Can you explain the feelings behind ‘spark’?

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Hi Meredith,

I'm in my 30s and am single. Guys have told me they don't feel a spark. I don't know what that is. My friend says it's a strong feeling and can't be described.

How can you tell if you have a spark with someone? Do you know instantly?

My more specific dating history: I go on dates with guys. Maybe by the fourth date, I get a text saying we aren't a match. Recently I dated a guy for about three months. We weren't exclusive. Around the third month, he called and said we didn't have a spark. He said if he doesn't feel the spark at that point, it won't happen. I wanted to be with him.

I don't know if I had any spark with any guy. I liked them. I have been on all these dates and haven't been in a long-term relationship. I was hoping that with this guy, after dating that amount of time, we would be a couple.

– Sparked


The concept of spark is difficult to explain. It feels different to different people, and it evolves over time.

When I was younger, it had a lot to do with physical stuff. Sometimes I overlooked problems because I mistook attraction for spark.

There was a time in my life when I misidentified drama as spark. If someone made me feel like I was on a roller coaster, I believed it was spark. Now I know that's something else.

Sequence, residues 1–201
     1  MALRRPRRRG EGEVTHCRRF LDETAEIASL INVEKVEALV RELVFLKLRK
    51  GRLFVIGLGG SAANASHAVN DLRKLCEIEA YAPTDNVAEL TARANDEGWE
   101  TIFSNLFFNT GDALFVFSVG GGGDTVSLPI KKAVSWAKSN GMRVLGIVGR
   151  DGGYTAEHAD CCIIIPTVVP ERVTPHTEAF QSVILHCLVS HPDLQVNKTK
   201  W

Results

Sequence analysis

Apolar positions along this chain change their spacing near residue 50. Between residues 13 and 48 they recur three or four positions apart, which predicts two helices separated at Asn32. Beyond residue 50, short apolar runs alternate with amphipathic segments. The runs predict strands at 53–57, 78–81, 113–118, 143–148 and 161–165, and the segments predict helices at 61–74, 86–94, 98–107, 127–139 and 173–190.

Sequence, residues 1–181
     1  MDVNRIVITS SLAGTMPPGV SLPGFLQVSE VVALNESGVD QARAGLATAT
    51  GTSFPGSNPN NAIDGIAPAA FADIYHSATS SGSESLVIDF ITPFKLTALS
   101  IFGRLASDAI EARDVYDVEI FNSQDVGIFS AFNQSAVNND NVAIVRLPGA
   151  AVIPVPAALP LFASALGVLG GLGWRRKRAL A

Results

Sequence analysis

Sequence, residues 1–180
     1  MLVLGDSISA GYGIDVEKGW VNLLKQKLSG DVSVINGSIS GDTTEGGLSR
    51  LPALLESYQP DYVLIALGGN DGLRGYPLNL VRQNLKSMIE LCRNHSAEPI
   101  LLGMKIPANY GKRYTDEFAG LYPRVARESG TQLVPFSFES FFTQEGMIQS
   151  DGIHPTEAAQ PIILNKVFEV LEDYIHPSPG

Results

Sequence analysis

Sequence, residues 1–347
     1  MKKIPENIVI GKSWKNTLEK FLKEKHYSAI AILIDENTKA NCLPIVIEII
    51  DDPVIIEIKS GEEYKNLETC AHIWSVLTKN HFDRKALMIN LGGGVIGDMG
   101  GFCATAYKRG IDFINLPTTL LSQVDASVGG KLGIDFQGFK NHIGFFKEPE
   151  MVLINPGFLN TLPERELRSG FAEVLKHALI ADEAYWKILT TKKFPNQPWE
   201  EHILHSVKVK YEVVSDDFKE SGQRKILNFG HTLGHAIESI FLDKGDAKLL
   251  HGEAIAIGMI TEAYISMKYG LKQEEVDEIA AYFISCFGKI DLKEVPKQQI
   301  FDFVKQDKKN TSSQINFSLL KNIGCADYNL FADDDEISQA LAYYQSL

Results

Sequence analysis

It's nice when spark is more about chemistry – when you feel excited because you're with someone who's great company, and you want to know more.

This makes me wonder: have you wanted to date some of these people more than the others? Have a few of the people you've dated felt more magnetic? Have they made you laugh – or interested you in unique ways? Because that's spark. Maybe it's all the same to you, but I imagine you've wanted to continue seeing them for different reasons.

It might help to think about why you wanted to be with this specific person, the one who bailed after three months. Was it because you wanted to be in a couple with anyone? What made him special? Thinking about your feelings – and writing them down – might help you notice them when they pop up again with someone new.

Just so you know, it's pretty common these days to have a lot of short relationships. Dating apps can be a great way to meet people, but there are always more people on them, so it's easy to move on. You might be better off meeting someone through a hobby, class, or shared activity, where people keep coming back and they get to know others over time.

If you do more of what you love in the real world, you might be able to find sparks with someone by bonding over the thing you both love.

– Meredith

Readers? Can you define spark? Any advice?